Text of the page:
‘Everything is under control’, he assures me. It is Sunday evening. In exactly 48 hours he will be presenting his talk at the University of Antwerp. ‘Could you tell me the topic of your talk?’ I ask him.
Mariano Castellanos is a historian and the director of a Mexican research department for heritage management. He is the head of a project about the former textile factory of Metepec, located in the Mexican Puebla province. The factory was once among the largest of the country, until it closed late 1960s.
‘I will talk about the conservation of Mexico’s industrial heritage’, he shares with me while we sip from our coffees. He shows me the Prezi slides he has prepared. I see international heritage treaties flash by, lists of historical heroes, abbreviations of organizations. An overload of text, tables and background colors.
‘Very interesting.’ I say. ‘Give me a day or two and I could create a similar presentation on industrial heritage in Mexico. All the data that you mention I can easily track down on Wikipedia or elsewhere. Now, what makes you stand out is your project in Metepec. Why not capture your audience by sharing those stories?’
Together with Metepec’s local community, Mariano’s research team had established a museum that tells the tale of the factory’s industrial past. ‘Do you have any pictures from that time?’ I ask him. ‘I sure do.’ he answers. ‘Why not add a couple of pictures of the old factory to your presentation, show us the impact it had on the area and share with us the importance of conserving this former factory.’ Mariano pauses, then nods: ‘I think I understand. Let me make some adjustments to my presentation.’ He spends Monday and Tuesday alone in his hotel room.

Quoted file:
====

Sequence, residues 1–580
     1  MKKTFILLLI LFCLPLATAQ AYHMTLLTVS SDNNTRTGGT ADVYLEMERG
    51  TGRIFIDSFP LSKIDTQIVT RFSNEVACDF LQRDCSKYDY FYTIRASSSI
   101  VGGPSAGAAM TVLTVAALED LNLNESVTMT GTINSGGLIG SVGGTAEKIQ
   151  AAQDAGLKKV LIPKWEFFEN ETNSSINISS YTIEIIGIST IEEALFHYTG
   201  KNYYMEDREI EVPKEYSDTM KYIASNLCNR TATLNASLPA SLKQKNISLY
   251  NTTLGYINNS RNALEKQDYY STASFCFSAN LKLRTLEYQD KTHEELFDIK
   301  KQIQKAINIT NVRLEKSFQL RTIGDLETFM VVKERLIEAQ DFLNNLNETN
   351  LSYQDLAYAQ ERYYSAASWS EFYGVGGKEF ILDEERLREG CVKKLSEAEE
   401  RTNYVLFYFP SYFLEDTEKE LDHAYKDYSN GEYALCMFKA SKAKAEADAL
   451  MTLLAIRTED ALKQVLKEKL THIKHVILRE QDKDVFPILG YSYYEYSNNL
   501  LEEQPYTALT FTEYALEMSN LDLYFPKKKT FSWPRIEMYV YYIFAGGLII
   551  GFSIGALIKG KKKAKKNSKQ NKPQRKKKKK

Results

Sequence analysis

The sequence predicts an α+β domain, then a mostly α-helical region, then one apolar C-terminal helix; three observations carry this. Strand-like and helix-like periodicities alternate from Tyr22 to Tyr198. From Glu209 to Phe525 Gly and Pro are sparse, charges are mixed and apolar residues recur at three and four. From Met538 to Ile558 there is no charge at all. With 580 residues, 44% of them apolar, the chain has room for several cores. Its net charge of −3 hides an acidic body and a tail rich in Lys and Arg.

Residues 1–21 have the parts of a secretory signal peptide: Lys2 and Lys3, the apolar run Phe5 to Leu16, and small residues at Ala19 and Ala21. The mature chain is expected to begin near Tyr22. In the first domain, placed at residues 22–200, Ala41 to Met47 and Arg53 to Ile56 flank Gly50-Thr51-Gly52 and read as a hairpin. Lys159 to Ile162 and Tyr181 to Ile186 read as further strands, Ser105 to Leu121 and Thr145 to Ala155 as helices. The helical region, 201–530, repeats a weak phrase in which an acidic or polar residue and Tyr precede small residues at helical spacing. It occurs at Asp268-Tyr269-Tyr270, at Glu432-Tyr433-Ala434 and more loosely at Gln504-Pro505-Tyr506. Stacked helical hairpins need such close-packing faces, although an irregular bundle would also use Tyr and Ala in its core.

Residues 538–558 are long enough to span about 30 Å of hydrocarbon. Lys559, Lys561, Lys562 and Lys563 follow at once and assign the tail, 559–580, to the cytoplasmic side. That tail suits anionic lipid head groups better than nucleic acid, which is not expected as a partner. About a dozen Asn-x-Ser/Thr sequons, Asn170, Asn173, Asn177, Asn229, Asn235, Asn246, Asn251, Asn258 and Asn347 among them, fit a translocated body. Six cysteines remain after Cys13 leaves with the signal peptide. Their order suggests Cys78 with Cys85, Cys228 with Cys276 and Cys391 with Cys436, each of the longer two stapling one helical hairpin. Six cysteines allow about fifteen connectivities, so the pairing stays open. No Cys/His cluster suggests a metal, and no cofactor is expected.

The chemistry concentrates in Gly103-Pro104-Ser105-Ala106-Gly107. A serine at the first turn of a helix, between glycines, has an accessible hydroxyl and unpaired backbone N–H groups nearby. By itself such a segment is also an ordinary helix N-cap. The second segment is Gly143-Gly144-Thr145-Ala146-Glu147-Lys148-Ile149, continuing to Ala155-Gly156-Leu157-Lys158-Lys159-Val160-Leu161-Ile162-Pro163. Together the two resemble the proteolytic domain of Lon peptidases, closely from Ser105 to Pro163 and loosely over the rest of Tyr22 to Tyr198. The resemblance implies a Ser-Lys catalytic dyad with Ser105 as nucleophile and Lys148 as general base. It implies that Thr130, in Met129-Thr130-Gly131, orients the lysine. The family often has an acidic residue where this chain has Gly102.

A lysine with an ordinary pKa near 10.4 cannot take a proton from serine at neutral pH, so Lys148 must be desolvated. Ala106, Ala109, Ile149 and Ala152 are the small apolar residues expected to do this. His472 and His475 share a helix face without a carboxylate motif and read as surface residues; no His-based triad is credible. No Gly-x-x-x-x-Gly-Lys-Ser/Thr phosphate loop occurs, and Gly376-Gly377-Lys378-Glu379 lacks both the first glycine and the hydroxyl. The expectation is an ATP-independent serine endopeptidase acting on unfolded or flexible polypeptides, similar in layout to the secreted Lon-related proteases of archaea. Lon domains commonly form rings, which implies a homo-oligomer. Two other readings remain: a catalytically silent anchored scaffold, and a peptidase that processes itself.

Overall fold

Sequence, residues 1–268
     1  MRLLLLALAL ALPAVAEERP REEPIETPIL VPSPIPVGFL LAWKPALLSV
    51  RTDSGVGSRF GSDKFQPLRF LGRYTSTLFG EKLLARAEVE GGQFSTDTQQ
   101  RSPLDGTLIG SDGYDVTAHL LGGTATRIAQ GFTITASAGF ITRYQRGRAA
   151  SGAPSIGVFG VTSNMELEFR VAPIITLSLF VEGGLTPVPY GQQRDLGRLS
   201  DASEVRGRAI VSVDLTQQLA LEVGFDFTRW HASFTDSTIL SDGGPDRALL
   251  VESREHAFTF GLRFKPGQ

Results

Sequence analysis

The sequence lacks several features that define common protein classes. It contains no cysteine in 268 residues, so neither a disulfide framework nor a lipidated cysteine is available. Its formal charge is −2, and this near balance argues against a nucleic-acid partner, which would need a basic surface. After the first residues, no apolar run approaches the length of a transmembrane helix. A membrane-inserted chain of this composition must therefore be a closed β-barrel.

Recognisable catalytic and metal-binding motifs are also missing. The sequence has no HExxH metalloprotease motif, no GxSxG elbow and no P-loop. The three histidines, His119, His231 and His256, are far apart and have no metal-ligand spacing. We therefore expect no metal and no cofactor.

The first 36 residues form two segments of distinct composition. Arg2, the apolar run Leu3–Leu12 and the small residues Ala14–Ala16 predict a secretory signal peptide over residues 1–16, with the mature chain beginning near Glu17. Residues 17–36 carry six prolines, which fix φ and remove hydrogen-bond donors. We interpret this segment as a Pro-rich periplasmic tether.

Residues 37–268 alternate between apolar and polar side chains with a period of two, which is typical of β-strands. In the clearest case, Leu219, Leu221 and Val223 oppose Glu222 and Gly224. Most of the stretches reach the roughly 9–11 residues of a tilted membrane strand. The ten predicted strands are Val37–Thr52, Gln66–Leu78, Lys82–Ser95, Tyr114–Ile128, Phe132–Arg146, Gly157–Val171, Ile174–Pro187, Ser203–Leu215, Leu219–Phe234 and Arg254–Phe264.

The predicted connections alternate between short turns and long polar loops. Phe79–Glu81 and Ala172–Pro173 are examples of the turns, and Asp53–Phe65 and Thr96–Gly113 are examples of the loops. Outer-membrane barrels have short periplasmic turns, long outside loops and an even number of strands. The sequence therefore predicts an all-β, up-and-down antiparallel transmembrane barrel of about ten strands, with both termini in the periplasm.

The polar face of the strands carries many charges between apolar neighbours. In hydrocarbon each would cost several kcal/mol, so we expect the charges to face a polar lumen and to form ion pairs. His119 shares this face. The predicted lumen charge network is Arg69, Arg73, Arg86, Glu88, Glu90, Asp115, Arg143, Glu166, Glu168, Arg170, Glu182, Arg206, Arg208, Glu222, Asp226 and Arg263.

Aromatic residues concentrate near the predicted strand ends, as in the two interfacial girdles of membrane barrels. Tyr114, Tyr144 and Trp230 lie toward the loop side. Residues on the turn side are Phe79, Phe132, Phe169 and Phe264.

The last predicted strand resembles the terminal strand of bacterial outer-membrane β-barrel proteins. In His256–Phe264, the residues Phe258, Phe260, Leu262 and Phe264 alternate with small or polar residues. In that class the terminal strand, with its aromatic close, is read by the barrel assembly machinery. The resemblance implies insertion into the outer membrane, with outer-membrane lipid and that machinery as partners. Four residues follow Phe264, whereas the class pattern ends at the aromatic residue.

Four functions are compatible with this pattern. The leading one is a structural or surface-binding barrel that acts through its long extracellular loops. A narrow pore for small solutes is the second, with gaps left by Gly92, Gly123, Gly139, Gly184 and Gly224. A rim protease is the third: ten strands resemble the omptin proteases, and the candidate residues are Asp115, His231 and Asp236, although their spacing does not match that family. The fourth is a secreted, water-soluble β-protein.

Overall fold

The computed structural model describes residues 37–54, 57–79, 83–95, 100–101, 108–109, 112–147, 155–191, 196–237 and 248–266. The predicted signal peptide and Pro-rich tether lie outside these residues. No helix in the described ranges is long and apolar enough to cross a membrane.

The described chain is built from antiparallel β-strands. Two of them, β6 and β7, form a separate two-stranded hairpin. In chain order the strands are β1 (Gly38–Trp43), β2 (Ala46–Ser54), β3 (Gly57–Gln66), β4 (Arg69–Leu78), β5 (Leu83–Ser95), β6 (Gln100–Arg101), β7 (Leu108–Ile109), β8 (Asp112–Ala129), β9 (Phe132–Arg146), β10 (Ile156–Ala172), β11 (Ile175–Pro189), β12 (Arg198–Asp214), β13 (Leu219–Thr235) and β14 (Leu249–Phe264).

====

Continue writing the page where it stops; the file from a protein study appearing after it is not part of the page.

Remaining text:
When I see Mariano again Tuesday evening at the university, he is about to present his talk. Could he have reworked his presentation? His talk starts off bumpy – no one is immune for stress -, but as the engines warm up, Mariano takes us along on a journey to the factory that would forever reshape the landscape of Metepec. We get to see videos and photographs, and listen to story of the 82 year old guide who had worked at the factory as a child.
During the question round hands shoot up across the room. After the conference the organizer rushes over to shake Mariano’s hand. ‘Your presentation must have received the most questions from the audience ever. They loved it.’
Mariano sighs with relief. His mission is complete. He was able to exchange contact details and discussed possible further collaborations with fellow researchers.
Now imagine this:
It is Sunday evening. Mariano and I are enjoying a cup of coffee while going through his presentation. I suggest for him to talk about the factory in Metepec, but Mariano says he has already spent enough time preparing for his presentation and would rather go shopping in Antwerp on Monday. On Tuesday evening he presents his talk. After an hour of Mariano reading off treaties, dates and abbreviations, he receives a modest round of applause. No questions. The organizer quickly fires off a question, to break the silence. No one approaches Mariano for further collaborations.
The difference between mediocre and masterly
The more concrete, the better
Industrial heritage is a vague concept. One person may picture an old mine, the other a steam train. Make your topic tangible by introducing a concrete example, allowing your audience to better envision what you are talking about. After this you can broaden the topic to move on to a more abstract level.
Make things personal and add emotion
Avoid talks that anyone could present. Talk about how you got started with this project, what could have gone wrong, what were the obstacles you overcame. Add emotion to your presentation, by sharing stories, just like the one about the 82-year-old guide who, as a child, had worked in the factory.
A picture is worth more than a thousand words. Demonstrate what you are talking about. Share photos and videos on your slides. The text will come from your mouth, don’t repeat it on your slides.
Use plain language
A presentation is a dialogue with your audience. Speakers often prepare using written text, but written text is more difficult to follow than spoken text. How would you share your research with your next door neighbor? Address your audience in the same way.
In Mariano’s case, these tips helped make the difference. In our workshops we will teach you how to score points with your presentation, so that it becomes masterly!